County accelerating body camera program
Baltimore County is accelerating its body camera program and changing some of its police procedures to better understand and improve interactions between officers and citizens.
The hope is that body cameras and other changes
will help the county avoid cases of police involved deaths in the future, said Baltimore County Executive Kevin Kamenetz, who announced the initiatives at a recent press conference in Towson.
A Middle River man, Tawon Boyd, died at Franklin Square Hospital on Sept. 21 after a violent confrontation with officers who had responded to a call from his apartment for medical help.
Randallstown resident Korryn Gaines was killed on Aug. 1 and her five-year-old son injured after a standoff with police who had come to serve a bench warrant for traffic violations.
Kamenetz said the initiatives announced Oct. 19 were not created in response to the two specific cases but to an accumulation of incidents over time involving police use of force.
The hope is that such incidents can be avoided in the future with a wider use of body cameras and increased training in de-escalating potentially-violent encounters.
Baltimore County States Attorney Scott Shellenberger has also said that body cameras help officers by recording events from their point of view and more often than not, vindi- cating their actions.
“I think it’s a positive thing,” said Dave Patro, president of the North Point Village community association, who also sits on the Precinct 12 citizens advisory committee.
Patro said some residents see the videos as violating citizen privacy rights, but he said most agree that it helps record what actually happened as opposed to relying solely on conflicting accounts.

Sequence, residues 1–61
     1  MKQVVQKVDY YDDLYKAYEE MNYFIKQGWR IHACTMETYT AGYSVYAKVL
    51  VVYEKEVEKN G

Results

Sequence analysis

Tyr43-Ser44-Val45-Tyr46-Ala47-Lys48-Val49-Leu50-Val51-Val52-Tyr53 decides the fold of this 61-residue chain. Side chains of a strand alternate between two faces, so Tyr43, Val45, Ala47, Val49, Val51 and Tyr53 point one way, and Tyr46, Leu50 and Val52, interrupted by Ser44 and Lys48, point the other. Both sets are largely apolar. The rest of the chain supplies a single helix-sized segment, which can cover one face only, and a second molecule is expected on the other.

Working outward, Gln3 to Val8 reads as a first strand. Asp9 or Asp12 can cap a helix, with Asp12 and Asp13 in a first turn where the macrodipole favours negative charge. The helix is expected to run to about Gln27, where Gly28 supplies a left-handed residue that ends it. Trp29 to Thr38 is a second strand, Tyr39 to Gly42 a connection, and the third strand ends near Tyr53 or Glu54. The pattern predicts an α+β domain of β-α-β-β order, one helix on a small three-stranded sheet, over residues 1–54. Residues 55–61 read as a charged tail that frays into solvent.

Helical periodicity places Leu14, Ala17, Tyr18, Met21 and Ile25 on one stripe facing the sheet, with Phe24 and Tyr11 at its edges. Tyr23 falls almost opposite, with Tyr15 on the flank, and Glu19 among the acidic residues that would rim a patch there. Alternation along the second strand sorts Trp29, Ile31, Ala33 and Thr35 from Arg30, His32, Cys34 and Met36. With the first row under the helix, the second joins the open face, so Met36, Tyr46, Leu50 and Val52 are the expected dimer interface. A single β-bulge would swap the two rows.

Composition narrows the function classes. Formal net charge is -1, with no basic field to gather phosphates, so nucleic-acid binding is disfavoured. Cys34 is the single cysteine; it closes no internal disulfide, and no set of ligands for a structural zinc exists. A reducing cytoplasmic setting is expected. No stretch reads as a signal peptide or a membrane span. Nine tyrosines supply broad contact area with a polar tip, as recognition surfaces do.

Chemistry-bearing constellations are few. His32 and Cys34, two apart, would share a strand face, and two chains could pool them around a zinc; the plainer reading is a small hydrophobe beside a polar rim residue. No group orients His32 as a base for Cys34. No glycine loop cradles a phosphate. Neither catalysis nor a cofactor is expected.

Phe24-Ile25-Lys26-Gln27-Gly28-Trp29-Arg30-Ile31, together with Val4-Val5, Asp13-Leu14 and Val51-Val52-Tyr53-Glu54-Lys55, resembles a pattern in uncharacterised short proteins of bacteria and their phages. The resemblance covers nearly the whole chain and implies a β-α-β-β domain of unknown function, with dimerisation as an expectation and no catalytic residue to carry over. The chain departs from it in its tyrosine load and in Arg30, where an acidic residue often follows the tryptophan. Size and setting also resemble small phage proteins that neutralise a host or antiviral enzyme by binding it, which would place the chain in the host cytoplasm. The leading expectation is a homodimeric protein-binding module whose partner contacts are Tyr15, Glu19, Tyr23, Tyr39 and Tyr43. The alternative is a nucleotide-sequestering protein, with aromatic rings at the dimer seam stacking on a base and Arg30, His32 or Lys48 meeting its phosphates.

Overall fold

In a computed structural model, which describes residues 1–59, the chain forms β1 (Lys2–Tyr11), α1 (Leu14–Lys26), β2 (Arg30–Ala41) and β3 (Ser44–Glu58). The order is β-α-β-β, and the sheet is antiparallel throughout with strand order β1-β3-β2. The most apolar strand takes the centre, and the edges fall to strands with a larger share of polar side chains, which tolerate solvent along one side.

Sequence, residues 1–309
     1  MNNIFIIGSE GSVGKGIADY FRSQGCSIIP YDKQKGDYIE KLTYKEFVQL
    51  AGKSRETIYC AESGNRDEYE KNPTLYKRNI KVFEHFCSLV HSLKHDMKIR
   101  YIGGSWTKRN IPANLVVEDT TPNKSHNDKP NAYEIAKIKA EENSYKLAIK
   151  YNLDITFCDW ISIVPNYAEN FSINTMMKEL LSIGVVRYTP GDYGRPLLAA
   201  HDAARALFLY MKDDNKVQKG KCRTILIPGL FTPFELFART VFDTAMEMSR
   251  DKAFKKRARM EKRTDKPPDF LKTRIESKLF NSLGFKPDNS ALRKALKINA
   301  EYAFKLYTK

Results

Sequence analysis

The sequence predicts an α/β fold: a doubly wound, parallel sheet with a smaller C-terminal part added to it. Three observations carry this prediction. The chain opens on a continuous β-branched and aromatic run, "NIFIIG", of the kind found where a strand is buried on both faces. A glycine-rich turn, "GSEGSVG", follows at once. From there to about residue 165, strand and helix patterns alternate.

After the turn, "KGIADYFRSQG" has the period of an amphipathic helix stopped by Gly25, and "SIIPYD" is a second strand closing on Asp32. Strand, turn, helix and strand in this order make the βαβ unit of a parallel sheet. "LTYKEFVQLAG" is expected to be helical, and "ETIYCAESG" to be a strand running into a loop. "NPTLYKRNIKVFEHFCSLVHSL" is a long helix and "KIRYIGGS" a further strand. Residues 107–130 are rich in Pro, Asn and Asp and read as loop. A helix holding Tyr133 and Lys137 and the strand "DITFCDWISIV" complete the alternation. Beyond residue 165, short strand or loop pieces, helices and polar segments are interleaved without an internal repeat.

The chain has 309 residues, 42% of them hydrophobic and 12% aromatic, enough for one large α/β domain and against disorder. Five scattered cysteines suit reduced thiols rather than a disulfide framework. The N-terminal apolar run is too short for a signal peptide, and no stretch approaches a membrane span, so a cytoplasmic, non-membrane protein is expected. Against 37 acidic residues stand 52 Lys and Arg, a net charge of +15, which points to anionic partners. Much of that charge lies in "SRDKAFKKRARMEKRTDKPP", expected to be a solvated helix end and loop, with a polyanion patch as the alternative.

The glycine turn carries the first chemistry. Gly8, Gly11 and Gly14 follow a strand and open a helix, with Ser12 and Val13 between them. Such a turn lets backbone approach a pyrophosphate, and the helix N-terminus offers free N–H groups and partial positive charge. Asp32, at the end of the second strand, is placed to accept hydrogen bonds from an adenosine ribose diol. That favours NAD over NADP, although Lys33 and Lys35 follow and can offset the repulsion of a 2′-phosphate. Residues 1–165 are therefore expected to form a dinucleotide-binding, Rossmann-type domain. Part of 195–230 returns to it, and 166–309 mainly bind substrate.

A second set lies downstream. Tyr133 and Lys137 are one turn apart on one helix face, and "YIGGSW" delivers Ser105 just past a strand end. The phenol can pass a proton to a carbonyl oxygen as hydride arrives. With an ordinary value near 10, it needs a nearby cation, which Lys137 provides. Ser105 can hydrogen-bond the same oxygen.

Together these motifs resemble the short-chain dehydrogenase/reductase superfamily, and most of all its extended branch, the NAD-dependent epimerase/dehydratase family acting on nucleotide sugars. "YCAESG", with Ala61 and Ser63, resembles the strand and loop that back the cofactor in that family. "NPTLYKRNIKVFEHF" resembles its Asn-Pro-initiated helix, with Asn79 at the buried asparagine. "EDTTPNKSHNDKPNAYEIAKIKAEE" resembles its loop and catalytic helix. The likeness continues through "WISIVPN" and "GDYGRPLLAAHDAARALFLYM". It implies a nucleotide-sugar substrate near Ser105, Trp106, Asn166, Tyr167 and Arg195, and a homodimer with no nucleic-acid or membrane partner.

“You can see the truth right away,” he said.
The county kicked off its body camera program in July with a handful off officers in each precinct receiving training to use them.
Right now 128 officers are wearing cameras with the goal of having most county officers wearing them by December 2018, said Kamenetz, who is authorizing more money for overtime to train more officers sooner.
Forty officers were being trained per month now, and 144 officers will be trained per month in the future, pushing the completion date up by more than a year to September 2017, he said.
The department is also tightening procedures for dealing with sexual assault allegations.
Officers typically work with detectives on such cases, but effective immediately, every second-degree sexual assault victim and the reported assailant will be interviewed by a detective on the department’s sexual assault unit, he said.
The county will also be reviewing three years of sexual assault investigations that did not result in prosecutions with the help of retired Baltimore County Circuit Court Judge Barbara Howe and the Maryland Coalition Against Sexual Assault.
The third initiative involves an independent review by the Council of State Governments Justice Center of how Baltimore County deals with mentally ill people who do not respond to orders during an incident.
The center will also look into interactions with peo- ple of different cultures and races.
When asked if he thought the department was lacking in cultural comprehension, Kamenetz said he doesn’t look at a glass as half empty but half full.
“[Procedures] can be refined and improved so that we can be the best that we can be,” he said.
Officers are trained to take control of a situation in order to protect the public and themselves, but in recent years, as a result of police-involved deaths around the country and lawsuits about excessive use of force, more emphasis is being put on de-escalation techniques. Follow me on Twitter @VirginiaTerhune.
In early July, 150 patrol officers began wearing body cameras, some of which can be mounted on collars or epaulettes.